Outdoor Research Crocodile $79
5 17.5 Gore-Tex leg panel, Cordura Nylon foot panel
71
Rab Scree $45
Top Pick Award
1.5 7.5 Matrix DWS
68
Outdoor Research Rocky Mt. Low $34
2.5 9 Nylon
65
Mountain Hardwear Scree $45
0.5 7 91% Nylon, 9% Elastane
55
Outdoor Research Ultra Trail $47
2 8 88% Nylon / 12% Spandex main panel, 91% Cordura Nylon / 9% Spandex side panels
48
Mountain Hardwear Ascent $65
6 17.5 Nylon

Our Analysis and Test Results

Aside from temporarily derailing a climb, the Mountain Hardwear Ascent worked pretty much like any other gaiter we've used. It kept snow out of the boot that the remaining gaiter still covered, and maybe kept that foot a little warmer. There were no further disappointments, and it shed water effectively. But, we can't say that we found the survivor that impressive either. The re-threaded cinch at the top was a pain to use with gloves on, and if it wasn't re-threaded it would loosen after a few steps. This gaiter is very high volume, which is ideal for larger sized double boots, but on single mountaineering boots the fit was poor at best. Each gaiter weighs 6 ounces, and have a 17.5 inch rise.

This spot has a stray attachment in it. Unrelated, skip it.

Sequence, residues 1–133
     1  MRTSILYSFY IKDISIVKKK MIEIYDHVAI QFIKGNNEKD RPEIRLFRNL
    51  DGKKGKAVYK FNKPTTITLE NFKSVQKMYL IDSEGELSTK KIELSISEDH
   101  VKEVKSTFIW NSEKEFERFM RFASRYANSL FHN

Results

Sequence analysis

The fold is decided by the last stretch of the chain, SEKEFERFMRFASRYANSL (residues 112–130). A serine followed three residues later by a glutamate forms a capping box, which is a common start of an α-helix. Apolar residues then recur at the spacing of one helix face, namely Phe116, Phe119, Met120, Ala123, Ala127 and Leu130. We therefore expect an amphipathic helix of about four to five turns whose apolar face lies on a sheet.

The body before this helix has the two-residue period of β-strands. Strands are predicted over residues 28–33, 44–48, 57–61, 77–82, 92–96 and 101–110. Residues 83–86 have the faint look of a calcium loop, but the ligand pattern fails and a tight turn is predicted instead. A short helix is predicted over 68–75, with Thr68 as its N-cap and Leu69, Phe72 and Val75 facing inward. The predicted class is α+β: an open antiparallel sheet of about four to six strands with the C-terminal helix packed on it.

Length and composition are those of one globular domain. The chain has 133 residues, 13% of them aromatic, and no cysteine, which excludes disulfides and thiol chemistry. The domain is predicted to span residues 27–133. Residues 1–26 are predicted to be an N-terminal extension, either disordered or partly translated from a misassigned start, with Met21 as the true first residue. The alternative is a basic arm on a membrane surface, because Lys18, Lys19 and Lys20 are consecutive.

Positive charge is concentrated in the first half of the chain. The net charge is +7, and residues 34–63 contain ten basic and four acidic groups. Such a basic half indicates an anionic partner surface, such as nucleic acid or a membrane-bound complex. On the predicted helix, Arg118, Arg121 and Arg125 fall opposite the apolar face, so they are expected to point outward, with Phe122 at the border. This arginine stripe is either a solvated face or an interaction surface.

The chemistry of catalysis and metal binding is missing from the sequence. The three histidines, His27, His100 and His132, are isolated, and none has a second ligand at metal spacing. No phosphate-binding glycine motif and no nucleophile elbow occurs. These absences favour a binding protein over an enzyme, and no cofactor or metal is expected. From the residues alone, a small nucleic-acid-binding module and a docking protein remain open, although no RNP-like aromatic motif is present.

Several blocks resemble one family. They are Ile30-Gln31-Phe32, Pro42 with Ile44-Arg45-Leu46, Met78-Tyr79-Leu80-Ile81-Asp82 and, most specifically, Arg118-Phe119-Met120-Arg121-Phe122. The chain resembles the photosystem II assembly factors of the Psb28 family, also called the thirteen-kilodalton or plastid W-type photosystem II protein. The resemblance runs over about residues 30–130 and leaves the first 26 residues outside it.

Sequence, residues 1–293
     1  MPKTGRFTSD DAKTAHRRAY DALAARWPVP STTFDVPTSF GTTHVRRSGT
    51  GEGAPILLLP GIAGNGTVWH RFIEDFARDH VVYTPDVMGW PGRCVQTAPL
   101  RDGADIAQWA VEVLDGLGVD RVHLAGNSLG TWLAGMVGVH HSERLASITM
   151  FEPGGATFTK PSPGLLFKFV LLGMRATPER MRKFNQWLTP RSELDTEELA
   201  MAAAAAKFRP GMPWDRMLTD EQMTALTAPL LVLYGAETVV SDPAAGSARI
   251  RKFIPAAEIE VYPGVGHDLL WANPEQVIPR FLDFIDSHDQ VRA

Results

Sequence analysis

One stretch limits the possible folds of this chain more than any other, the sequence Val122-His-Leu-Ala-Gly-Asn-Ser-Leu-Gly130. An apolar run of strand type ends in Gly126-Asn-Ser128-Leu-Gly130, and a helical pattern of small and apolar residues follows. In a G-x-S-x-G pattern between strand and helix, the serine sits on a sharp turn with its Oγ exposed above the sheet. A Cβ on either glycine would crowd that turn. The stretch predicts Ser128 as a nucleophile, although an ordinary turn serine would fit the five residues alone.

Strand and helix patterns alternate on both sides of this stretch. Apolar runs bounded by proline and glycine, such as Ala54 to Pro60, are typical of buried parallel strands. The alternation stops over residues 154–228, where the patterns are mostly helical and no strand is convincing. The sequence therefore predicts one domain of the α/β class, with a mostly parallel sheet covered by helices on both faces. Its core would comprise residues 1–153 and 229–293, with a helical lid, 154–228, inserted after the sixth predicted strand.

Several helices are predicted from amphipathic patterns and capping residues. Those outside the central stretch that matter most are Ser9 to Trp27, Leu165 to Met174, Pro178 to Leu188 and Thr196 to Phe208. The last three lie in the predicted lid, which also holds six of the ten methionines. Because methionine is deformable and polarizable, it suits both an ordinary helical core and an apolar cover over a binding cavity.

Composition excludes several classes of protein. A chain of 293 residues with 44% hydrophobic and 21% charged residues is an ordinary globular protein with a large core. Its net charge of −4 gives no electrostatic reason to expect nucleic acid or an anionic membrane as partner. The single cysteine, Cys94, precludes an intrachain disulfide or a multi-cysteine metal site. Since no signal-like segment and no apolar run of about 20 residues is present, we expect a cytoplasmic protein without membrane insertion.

Performance Comparison


As you can see  this model has enough room for double boots  but not the durability to go into the kind of terrain you need those for.
As you can see, this model has enough room for double boots, but not the durability to go into the kind of terrain you need those for.

Water Resistance